Winter Solstice is the day with the least amount of sunlight. It is a day we huddle close to friends and family and rely on hearth, home, laughter, and good company to provide light and cheer. It is with these inspirations in mind that I have created a delicious celebratory menu with selections designed to warm and comfort. Here is my 5-course menu with optional wine pairing. Enjoy!
Menu In a Nutshell
Winter Solstice Soup accompanied by Delicious Gluten-Free Biscuits
(optional pairing: Pinot Noir)
Gluten-free Ricotta Pound Cake with Warm Whipped Cream Cheese
(optional pairing: Soave )
(optional pairing: Chardonnay )
Harvest Pot Roast accompanied by Pan-Roasted Mushrooms & Asparagus and Yorkshire Pudding
(optional pairing: Petite Sirah )
Gluten-Free Yule Log Cake with Cream Cheese Filling accompanied by Meringue Mushrooms
(optional pairing: Prosecco)
First Course: Soup
Winter Solstice Soup:
Reprinted from allrecipes.com and submitted by Sara Mayes, this simple yet delicious soup served as the perfect opening course!
- 2 tablespoons margarine
- 2 onions, chopped
- 2 carrots, shredded
- 2 potatoes, peeled and cubed
- 3 cups water
- 1 teaspoon salt
- 1 tablespoon dried parsley
- 1/2 teaspoon dried thyme
- 1 bay leaf
- 2 cups milk
- salt and pepper to taste
- In a large pot over medium heat, melt the butter or margarine and saute the onions for 5 to 10 minutes, or until tender. Add the carrots, potatoes, water, salt, parsley, thyme and bay leaf.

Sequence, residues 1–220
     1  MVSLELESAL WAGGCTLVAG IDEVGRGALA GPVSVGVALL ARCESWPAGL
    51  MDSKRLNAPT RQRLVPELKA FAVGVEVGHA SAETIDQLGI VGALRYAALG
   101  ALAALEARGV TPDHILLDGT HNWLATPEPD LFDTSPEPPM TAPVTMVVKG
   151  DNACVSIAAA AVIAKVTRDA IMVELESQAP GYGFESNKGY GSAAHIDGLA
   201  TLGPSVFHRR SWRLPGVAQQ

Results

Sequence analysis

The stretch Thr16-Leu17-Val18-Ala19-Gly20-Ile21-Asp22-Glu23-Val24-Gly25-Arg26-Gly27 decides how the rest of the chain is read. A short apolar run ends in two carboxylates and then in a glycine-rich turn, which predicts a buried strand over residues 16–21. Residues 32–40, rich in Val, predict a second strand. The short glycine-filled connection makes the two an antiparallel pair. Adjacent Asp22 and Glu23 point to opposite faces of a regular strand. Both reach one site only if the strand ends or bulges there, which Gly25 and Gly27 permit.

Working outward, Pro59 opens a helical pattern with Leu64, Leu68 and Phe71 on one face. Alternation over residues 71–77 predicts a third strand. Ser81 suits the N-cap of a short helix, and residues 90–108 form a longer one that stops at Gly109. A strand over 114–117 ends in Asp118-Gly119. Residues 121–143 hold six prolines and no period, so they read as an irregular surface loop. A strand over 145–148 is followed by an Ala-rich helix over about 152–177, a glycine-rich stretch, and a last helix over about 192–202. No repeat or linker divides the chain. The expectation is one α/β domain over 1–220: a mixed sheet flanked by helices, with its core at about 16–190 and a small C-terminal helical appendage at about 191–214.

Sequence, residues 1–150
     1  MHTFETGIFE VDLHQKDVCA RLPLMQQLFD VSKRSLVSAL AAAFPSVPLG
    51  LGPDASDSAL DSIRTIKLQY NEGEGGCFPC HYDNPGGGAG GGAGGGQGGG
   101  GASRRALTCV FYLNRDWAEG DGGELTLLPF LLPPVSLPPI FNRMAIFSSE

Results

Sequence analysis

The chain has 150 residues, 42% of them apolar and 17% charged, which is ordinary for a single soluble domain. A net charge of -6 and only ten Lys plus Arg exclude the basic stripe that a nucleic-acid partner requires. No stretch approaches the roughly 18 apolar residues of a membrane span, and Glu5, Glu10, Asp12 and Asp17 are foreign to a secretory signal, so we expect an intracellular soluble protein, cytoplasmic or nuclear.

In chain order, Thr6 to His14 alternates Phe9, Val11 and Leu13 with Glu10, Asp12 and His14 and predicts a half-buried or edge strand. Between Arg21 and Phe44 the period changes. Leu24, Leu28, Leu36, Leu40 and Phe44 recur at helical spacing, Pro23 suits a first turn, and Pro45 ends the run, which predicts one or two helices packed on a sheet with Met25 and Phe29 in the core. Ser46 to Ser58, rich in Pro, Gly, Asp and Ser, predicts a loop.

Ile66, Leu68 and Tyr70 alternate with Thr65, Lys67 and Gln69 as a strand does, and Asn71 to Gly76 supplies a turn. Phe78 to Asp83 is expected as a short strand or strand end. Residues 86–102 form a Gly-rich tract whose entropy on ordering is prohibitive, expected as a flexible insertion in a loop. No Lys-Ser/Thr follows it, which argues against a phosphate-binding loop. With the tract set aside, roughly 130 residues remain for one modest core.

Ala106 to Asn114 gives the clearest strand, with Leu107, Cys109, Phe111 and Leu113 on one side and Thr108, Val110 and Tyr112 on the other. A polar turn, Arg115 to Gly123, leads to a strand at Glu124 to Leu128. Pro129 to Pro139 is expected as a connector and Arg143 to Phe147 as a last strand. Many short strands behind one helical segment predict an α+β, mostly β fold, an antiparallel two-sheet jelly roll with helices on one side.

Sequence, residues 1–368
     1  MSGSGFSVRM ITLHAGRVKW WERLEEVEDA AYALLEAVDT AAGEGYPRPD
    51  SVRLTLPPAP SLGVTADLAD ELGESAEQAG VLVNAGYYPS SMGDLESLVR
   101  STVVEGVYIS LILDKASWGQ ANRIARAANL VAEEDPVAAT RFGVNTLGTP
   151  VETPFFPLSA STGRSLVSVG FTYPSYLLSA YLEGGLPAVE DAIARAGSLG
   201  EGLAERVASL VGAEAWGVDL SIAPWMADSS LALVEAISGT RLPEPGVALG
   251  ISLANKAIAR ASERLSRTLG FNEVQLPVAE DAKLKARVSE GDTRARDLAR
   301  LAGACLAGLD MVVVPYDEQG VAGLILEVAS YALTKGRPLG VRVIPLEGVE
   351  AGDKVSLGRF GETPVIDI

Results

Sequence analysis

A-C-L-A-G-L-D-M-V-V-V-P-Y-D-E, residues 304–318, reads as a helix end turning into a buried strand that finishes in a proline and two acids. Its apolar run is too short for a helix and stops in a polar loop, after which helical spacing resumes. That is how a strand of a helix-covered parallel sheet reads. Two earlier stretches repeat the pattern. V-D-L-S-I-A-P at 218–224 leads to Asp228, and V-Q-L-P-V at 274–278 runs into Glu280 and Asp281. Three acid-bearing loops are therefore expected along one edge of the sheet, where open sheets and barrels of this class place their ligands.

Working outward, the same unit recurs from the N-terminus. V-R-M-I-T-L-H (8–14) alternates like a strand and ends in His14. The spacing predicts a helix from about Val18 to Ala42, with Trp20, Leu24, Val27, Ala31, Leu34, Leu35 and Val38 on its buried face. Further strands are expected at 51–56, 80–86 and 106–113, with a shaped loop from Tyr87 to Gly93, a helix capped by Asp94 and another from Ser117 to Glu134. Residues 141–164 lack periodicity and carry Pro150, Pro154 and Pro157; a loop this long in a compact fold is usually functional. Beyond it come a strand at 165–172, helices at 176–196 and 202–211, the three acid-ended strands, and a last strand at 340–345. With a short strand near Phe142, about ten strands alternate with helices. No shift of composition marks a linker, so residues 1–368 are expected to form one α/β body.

- Reduce heat to low and simmer for 30 minutes, stirring occasionally. Remove the bay leaf.
- Puree the soup in a blender or food processor in small batches and return to the pot. Stir in the milk, mixing well, and season with salt and pepper to taste.
Delicious Gluten-Free Biscuits:
These biscuits did not taste gluten-free and had my guests hinting for seconds! This recipe hails from one of my new all-time favorite blogs for gluten-free cooking, Only Sometimes Clever. On her site, Karen Joy has named these The Best GFCF (not-very-healthy) Biscuits Ever. Her blog excerpt follows:
Makes six-eight large biscuits
- 2 cups Best Gluten-Free Flour Mix Ever
- 1 Tbsp baking powder
- 1/2 tsp salt
- 1/3 cup Butter-flavored Crisco
- 3/4 cup Mocha Mix liquid non-dairy creamer
Preheat oven to 450*.
Hand-held pastry blender
In a large bowl, mix flour blend, baking powder and salt with a whisk. Combine thoroughly. With a pastry blender, cut in Butter-flavored Crisco until the mixture resembles coarse crumbs. With a wooden spoon, stir in Mocha Mix, mix well.
The dough should not be sticky at this point. I simply roll it out on my countertop, unfloured. But if your dough is a tad sticky, do flour your countertop and rolling pin with more of the flour mix.
Onto your countertop, turn out the dough, and “knead” lightly. Kneading non-gluten dough isn’t like kneading regular wheat dough. You simply gather it together, pat it out a bit, turn it over double on itself, then pat out again. The more times you turn the dough over on itself, the more of a ‘layered/flaky’ result your biscuits will have. Use a rolling pin to bring your dough to about 1/2″ thick. With a 2 1/2″ biscuit cutter (or sharp-edged cup), cut biscuits. Use a spatula to transfer biscuits to ungreased baking sheet (I use a pizza stone). Let edges of unbaked biscuits barely touch. Gather remaining dough scraps and repeat the “kneading” and rolling process until dough is used up.
Alternately, when I a hurry, I skip the countertop part, and just grab a handful of dough, patting it out in my hand to a slightly-lumpy circle shape. These ill-formed biscuits taste just as great, but don’t cut as cleanly.
Bake about 15 minutes, or until golden.
As an alcoholic choice, pinot noir works well with potato soup. I also served Vignette Wine Country Pinot Noir Soda as a very enjoyable non-alcoholic alternative.
Second Course: Bread
Gluten-free Ricotta Pound Cake:
I cannot say enough about this recipe, which hails from another amazing gluten-free resource, Art of Gluten Free Baking! For starters, nobody has ever complained let alone even noticed that it is gluten-free.